Or Casey Stoney? There is something oven-ready about the former England captain, yet with just a season and a half of experience with Man United, with mixed results, Stoney doesn’t seem entirely set for the role. Her team are being tested this season (or were before the hiatus) and the young manager was still very much just feeling her way around to improve performances and results.
With Neville’s deal set to run out after the 2021 Euros and the better part of two years before the next major tournament (the 2023 World Cup), everything seemed to nod towards a clear path for Stoney with England. But with the Euros delayed a year and little time to settle between tournaments and qualification cycles [should the calendar run as it’s currently scheduled], the timing for Stoney and England now seems entirely off.
Yet more English managers
Given how many managers England have exported to North America, it’s understandable (predictable?) we’d be talking about those in NWSL.
Having only just signed a new long-term deal with the Portland Thorns last month, it’s safe to say Mark Parsons’ future remains on the American West coast.
Walking tub of Marmite and North Carolina Courage head coach Paul Riley could yet be a success with the Lionesses if given time and patience from The FA but there’s no question the coach would be likely to butt heads in England - with his bosses as well as some of his players.
A name that the English women’s football media writers will undoubtedly be throwing around is that of Marc Skinner, the Orlando Pride coach who’s not made many friends since moving stateside. The young coach – not entirely unlike Neville – has talked himself into trouble more than once since taking charge of the Floridian team.
Not entirely a fish out of water but rather a stranger in a strange land, it’s been hard for NWSL fans and commentators to see why Skinner is so fondly remembered in WSL. Well liked (by players, fans and media alike) during his time with Birmingham City, the coach would routinely come across warmly and intelligently, something he’s not being known for in Orlando.
Having pledged to see out his contract and keep working to try to turn the Pride’s fortunes around, Skinner doesn’t seem to be in a hurry to move and like others in contention, his lack of experience at the level required could be an issue.
The obvious and the less obvious
The FA might yet hope that if they say Jill Ellis’ name three times, she’ll appear. The former USA manager comes with a clear pedigree and her two World Cup winner’s medals would be enough to shut most people up. Yet, as those in the US and those who’ve followed the US women’s national team know, Ellis isn’t a perfect manager. And the players at her disposal when she was with US Soccer are rather different from those available to the next England manager. So there is, again, the question of suitability (and not being blinded by previous silverware, something the English have tended to struggle with over the years).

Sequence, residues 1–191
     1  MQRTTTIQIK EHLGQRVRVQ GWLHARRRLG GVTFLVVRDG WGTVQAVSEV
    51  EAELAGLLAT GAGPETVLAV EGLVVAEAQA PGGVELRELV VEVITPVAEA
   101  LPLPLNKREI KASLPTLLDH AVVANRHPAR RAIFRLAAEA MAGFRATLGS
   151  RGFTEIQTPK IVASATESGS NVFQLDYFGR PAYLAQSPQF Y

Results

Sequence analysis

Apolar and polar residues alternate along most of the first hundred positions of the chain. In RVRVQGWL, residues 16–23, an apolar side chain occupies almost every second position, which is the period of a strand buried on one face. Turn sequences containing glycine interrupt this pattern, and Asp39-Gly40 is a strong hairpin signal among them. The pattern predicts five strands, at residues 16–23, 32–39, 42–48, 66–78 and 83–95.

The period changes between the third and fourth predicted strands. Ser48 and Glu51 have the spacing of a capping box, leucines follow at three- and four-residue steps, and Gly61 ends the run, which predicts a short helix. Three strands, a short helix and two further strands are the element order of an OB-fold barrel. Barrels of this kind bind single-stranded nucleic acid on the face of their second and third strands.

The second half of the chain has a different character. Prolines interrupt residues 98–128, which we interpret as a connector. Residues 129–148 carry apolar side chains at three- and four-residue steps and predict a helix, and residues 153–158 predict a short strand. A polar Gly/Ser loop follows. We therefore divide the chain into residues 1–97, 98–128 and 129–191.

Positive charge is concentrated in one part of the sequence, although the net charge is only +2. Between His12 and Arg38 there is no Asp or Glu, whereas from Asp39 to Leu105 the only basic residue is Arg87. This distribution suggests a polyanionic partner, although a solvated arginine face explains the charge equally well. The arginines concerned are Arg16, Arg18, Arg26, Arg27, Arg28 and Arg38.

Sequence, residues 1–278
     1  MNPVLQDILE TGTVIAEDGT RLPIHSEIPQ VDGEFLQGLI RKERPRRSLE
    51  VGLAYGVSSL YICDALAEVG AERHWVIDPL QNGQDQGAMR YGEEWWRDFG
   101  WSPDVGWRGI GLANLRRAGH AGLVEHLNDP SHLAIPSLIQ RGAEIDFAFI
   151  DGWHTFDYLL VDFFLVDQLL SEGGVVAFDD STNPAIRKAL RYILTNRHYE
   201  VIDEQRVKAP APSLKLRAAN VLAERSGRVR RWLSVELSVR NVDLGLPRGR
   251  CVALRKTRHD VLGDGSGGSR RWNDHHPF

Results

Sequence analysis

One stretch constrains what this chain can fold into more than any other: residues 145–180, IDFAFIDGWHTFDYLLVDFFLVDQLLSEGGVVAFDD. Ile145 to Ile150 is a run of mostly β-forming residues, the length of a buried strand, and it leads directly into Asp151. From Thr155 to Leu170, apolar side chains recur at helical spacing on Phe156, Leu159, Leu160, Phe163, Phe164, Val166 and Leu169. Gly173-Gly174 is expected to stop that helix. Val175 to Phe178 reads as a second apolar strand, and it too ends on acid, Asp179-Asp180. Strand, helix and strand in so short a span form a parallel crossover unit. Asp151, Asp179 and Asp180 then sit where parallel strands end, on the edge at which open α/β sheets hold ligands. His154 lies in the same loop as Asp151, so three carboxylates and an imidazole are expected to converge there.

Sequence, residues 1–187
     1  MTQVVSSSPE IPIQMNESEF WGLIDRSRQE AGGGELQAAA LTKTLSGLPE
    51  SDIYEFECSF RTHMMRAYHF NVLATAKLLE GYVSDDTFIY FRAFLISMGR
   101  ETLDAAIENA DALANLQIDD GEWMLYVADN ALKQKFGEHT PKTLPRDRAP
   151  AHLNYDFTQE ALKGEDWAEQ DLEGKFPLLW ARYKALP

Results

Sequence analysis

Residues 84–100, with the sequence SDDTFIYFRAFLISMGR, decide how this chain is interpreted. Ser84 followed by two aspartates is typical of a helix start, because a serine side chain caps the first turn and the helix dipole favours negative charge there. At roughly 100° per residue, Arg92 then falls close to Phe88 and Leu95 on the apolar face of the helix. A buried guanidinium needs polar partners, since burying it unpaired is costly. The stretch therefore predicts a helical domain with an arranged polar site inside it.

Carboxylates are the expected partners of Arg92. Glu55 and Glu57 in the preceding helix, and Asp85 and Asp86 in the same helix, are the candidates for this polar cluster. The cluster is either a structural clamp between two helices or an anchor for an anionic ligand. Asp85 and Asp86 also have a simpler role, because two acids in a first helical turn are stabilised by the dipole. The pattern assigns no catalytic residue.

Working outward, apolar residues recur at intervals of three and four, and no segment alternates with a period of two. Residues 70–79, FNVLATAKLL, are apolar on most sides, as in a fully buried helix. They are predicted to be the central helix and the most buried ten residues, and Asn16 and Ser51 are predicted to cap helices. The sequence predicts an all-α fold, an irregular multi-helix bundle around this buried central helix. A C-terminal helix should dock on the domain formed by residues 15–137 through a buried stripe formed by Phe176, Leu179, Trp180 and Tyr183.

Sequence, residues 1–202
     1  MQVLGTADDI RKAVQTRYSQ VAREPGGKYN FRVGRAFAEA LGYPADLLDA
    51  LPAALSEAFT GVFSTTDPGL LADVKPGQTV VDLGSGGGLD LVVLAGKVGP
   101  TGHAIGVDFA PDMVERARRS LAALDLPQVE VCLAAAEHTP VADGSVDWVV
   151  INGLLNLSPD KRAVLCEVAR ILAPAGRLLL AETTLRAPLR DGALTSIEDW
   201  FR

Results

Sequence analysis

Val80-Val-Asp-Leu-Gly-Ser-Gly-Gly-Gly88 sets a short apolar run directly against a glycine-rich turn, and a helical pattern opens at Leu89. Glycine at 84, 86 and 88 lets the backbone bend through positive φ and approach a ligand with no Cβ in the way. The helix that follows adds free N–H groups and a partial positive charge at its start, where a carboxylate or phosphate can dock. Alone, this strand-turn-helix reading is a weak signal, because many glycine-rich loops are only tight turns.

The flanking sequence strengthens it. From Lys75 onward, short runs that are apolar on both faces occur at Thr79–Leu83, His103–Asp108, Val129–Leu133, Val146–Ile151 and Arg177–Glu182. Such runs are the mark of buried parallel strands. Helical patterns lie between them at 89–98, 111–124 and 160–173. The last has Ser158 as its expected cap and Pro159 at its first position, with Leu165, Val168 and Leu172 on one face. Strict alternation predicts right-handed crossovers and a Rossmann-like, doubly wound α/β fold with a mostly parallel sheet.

Sampson’s deputy, Marieanne Spacey-Cale – remembered as one of England’s greatest players – is the obvious name that will be used to bulk out prediction lists. But the Southampton manager (another who is committed to her current project), ticks far more of the requisite boxes than others that have been mentioned.
Spacey-Cale is not only an intelligent coach but a resourceful manager who knows the ins and outs of The FA teams. She still commands a great deal of respect and wouldn’t need players to adjust to her and her style as other managers would but whether she’d be willing to leave Southampton remains to be seen.
Slightly higher up the women’s football pyramid in England is Sunderland manager Melanie Copeland (I appreciate that throwing a tier three manager into the ring is a little unorthodox). Although denied a chance at promotion to the Women’s Championship after the expunging of tiers three to seven this pandemic, the progress of Sunderland under Copeland has been palpable. Though they weren’t dealt the best of hands with the enforced relegation that came with not having their bid for the top two tiers accepted, and everything that goes with being kicked down the pyramid, the Black Cats have flourished under their coach. Already on the FA’s radar having been given a Nordic Tournament camp with the [now defunct] U23s in 2018, Copeland is a stretch but certainly not more than Neville was.
The last name that has to be mentioned is Tony Gustavsson. Assistant to both Sundhage and Ellis between 2012 and 2019, Gustavsson wasn’t just around for the success the USA had but, as per some reports and interviews, was vital to it. Having taken temporary charge of relegation-threatened GIF Sundsvall in Allsvenskan, the Swede left the team at the end of the season having failed to keep them out of the drop zone and is currently (as far as can be ascertained), jobless.
Gustavsson could yet link back up with Ellis if and when she takes a new job. Yet, with head coach experience of his own as well as plenty of experience and pressure of working within a national team environment, he might just be the most obvious name not being mentioned.